This desire to excel in a market characterized by hyper competition has motivated a growing number of organizations and individuals to search for uncommon associations to help develop creative and perhaps more effective strategies.  With uncommon associations, people and organizations can seek relationships and build networks where none had existed before.  Examples of such uncommon associations include:

v     Executives from Silicon Valley and Wall Street turning to spiritual discernment contained in religious/philosophical traditions from both east and west (such as Judaeo-Christianity, Taoism and Buddhism) to enhance their decision making skills.

v     The inclusion of a day-long visit to inmates at Attica State Prison in New York State, home to hard core criminals, as part of a leadership training program by John Ingles, a management consultant, to help executives attain better work-life balance.

v      George W. Bush’s White House Office of Faith Based and Community Initiatives which promotes collaboration among the U.S. federal government, five cabinet-level departments, and religious service providers to collectively deal with social issues that could be addressed from multiple fronts.

v      Yo-Yo Ma, the renowned classical cellist, spending a year studying bluegrass to further hone his creative  musical talent.

In short, there appears to be no means of escaping the spread and implications of networks of different types and forms as they are so closely interwoven into every aspect of our daily existence.  This offers a tremendous opportunity and obligation for scholars to obtain a more comprehensive and thorough understanding of their very nature - why they exist, the dynamics associated with the formation and perpetuation of such networks, and how we can make the most of such networks.  Hence the designation of the theme, “Building Effective Networks”, for the 2002 meetings.  In line with this theme, we invite papers and symposia that address networks, used in the broadest sense of the term, and their implications for management in general.  Below is a small sampling of some of the topics that might be addressed:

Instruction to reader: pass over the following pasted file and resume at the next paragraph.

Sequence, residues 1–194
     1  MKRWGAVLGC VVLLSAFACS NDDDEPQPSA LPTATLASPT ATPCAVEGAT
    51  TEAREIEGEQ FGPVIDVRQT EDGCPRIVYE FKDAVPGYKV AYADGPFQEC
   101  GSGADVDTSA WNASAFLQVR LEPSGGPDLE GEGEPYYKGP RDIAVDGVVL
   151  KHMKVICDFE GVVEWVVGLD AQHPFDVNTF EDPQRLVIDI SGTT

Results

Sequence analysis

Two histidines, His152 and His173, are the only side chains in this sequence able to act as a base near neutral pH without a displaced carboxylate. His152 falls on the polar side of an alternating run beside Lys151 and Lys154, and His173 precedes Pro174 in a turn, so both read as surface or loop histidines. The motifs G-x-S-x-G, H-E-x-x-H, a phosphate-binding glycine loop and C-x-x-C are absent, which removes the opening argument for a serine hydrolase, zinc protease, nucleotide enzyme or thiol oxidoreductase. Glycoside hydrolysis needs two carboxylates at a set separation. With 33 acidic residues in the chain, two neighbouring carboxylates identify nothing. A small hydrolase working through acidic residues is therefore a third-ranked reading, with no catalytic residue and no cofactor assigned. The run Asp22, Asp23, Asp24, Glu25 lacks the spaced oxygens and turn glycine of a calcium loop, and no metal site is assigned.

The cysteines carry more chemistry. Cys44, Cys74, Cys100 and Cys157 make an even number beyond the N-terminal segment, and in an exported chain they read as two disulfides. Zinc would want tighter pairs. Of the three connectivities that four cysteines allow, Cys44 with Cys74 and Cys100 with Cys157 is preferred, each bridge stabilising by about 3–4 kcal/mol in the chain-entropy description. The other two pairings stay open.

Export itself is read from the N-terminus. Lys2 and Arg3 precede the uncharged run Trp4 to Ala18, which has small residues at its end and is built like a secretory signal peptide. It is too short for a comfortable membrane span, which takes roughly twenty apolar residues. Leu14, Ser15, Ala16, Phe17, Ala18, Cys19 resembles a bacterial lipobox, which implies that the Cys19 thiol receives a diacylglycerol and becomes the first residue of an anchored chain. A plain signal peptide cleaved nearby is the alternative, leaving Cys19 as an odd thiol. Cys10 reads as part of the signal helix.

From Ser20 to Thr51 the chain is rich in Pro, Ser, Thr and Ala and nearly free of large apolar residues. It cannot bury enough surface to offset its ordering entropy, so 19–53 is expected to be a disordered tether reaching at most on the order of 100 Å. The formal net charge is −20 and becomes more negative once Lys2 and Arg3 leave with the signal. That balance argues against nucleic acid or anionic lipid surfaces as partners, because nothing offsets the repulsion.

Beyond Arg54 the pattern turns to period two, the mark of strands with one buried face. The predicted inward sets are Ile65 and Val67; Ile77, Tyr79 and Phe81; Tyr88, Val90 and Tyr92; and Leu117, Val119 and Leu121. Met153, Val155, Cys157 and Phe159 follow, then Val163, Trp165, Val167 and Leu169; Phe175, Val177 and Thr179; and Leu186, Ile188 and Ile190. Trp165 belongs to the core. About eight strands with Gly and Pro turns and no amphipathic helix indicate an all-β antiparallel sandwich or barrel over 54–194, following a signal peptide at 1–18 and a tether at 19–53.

v      What is the impact of digital networks on organizational functioning and behavior?

v     How can network concepts be used as a diagnostic tool and/or a means for implementing organizational change?

v     How do we accentuate the positive and minimize the negative elements associated with different types and forms of networks?

v    How do networks affect an organization’s ability to generate new knowledge and/or facilitate the transfer of knowledge among its membership?

v    Does the formation of networks and their dynamics differ across countries?  For example, how does guanxi (connections) in Confucian societies differ from networking in the West?

v      How can uncommon associations foster the development of creative strategies? For example, how can spiritual discernment guide decision-making?

v     What is the relationship between social capital and firm performance?

v     What factors can contribute to the successful formation and smooth functioning of global strategic alliances?

v     How do we foster collaboration and teamwork among peoples from different cultural backgrounds?

v     Are there gender differences in the nature and dynamics of networking?

v      What types of organizational structures facilitate the development and implementation of effective networks?

        I hope this theme will encourage the worldwide members and friends of the Academy to bring forward their knowledge, research, experiences and creative perspectives and generate an exciting dialogue on how we can build effective networks to advance societal and organizational functioning, as well as to improve the professional and personal lives of those who work in today’s highly complex and networked organizations.

        I thank numerous people for their suggestions on improving this theme statement, in particular Anne S. Tsui, Richard Hodgetts, Andre Delbecq, Steve Borgatti, Jone Pearce, and David C. Thomas.

        I look forward to seeing many of you in Denver and thank you in advance for contributing to the 2002 program.

 

Rosalie L. Tung

Academy Program Chair and Vice President